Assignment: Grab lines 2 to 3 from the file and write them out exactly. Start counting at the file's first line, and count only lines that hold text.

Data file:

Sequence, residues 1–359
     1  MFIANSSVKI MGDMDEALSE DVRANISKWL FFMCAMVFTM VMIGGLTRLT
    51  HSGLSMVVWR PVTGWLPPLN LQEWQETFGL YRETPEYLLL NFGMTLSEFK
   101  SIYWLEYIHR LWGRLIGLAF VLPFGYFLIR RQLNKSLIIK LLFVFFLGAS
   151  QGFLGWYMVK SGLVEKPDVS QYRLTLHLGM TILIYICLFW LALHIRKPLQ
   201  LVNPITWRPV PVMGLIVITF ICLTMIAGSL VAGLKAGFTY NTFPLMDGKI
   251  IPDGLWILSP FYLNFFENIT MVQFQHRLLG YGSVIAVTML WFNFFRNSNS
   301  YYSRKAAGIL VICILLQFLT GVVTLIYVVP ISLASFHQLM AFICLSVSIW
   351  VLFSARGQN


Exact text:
     1  MFIANSSVKI MGDMDEALSE DVRANISKWL FFMCAMVFTM VMIGGLTRLT
    51  HSGLSMVVWR PVTGWLPPLN LQEWQETFGL YRETPEYLLL NFGMTLSEFK